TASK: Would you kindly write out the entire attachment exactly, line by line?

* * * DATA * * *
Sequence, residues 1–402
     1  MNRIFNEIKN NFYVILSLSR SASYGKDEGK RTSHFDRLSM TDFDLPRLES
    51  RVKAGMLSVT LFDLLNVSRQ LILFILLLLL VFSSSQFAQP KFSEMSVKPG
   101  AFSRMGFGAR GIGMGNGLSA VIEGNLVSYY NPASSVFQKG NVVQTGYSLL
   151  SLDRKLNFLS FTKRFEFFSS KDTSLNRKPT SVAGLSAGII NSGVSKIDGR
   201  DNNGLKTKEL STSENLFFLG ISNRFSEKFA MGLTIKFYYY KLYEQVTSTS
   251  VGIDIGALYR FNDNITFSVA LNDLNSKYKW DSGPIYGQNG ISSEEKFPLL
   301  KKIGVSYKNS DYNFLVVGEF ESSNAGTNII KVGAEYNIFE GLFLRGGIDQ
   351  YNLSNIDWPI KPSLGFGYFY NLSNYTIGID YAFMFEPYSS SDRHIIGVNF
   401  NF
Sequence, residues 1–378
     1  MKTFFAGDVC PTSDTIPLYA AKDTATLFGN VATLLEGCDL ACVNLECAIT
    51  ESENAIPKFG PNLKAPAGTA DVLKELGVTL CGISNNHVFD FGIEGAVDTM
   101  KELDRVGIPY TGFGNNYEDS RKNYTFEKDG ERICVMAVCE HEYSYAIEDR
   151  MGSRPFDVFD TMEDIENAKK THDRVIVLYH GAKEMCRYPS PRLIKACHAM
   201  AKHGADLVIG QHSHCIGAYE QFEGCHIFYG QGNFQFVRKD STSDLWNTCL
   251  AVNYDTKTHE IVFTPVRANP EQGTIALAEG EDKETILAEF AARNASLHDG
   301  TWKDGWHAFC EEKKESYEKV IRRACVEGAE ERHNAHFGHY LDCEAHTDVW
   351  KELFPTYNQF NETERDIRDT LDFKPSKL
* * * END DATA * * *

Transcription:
Sequence, residues 1–402
     1  MNRIFNEIKN NFYVILSLSR SASYGKDEGK RTSHFDRLSM TDFDLPRLES
    51  RVKAGMLSVT LFDLLNVSRQ LILFILLLLL VFSSSQFAQP KFSEMSVKPG
   101  AFSRMGFGAR GIGMGNGLSA VIEGNLVSYY NPASSVFQKG NVVQTGYSLL
   151  SLDRKLNFLS FTKRFEFFSS KDTSLNRKPT SVAGLSAGII NSGVSKIDGR
   201  DNNGLKTKEL STSENLFFLG ISNRFSEKFA MGLTIKFYYY KLYEQVTSTS
   251  VGIDIGALYR FNDNITFSVA LNDLNSKYKW DSGPIYGQNG ISSEEKFPLL
   301  KKIGVSYKNS DYNFLVVGEF ESSNAGTNII KVGAEYNIFE GLFLRGGIDQ
   351  YNLSNIDWPI KPSLGFGYFY NLSNYTIGID YAFMFEPYSS SDRHIIGVNF
   401  NF
Sequence, residues 1–378
     1  MKTFFAGDVC PTSDTIPLYA AKDTATLFGN VATLLEGCDL ACVNLECAIT
    51  ESENAIPKFG PNLKAPAGTA DVLKELGVTL CGISNNHVFD FGIEGAVDTM
   101  KELDRVGIPY TGFGNNYEDS RKNYTFEKDG ERICVMAVCE HEYSYAIEDR
   151  MGSRPFDVFD TMEDIENAKK THDRVIVLYH GAKEMCRYPS PRLIKACHAM
   201  AKHGADLVIG QHSHCIGAYE QFEGCHIFYG QGNFQFVRKD STSDLWNTCL
   251  AVNYDTKTHE IVFTPVRANP EQGTIALAEG EDKETILAEF AARNASLHDG
   301  TWKDGWHAFC EEKKESYEKV IRRACVEGAE ERHNAHFGHY LDCEAHTDVW
   351  KELFPTYNQF NETERDIRDT LDFKPSKL